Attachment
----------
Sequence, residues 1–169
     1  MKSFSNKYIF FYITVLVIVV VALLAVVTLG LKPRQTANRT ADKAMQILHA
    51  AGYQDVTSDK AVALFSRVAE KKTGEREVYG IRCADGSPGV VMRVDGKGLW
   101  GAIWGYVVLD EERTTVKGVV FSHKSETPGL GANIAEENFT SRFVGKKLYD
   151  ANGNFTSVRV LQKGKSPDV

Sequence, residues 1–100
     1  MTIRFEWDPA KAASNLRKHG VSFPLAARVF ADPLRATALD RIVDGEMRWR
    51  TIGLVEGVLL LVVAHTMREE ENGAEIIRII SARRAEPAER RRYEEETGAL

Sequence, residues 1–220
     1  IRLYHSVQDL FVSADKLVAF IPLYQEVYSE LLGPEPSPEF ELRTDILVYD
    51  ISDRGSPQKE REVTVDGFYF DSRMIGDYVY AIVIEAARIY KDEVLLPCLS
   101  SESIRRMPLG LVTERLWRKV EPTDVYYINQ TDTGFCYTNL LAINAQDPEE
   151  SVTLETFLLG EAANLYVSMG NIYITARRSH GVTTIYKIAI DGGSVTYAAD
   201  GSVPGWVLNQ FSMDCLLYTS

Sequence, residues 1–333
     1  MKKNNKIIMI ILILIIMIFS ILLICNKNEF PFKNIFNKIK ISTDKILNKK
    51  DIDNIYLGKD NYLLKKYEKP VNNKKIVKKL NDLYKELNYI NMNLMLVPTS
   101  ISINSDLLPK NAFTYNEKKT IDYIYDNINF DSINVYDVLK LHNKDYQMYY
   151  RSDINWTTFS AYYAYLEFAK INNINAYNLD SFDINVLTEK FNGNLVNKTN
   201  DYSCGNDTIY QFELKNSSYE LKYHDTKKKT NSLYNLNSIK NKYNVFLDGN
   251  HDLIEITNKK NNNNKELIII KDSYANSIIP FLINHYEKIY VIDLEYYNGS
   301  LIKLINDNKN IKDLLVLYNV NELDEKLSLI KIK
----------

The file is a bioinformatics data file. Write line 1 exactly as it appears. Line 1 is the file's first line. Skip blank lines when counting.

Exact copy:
Sequence, residues 1–169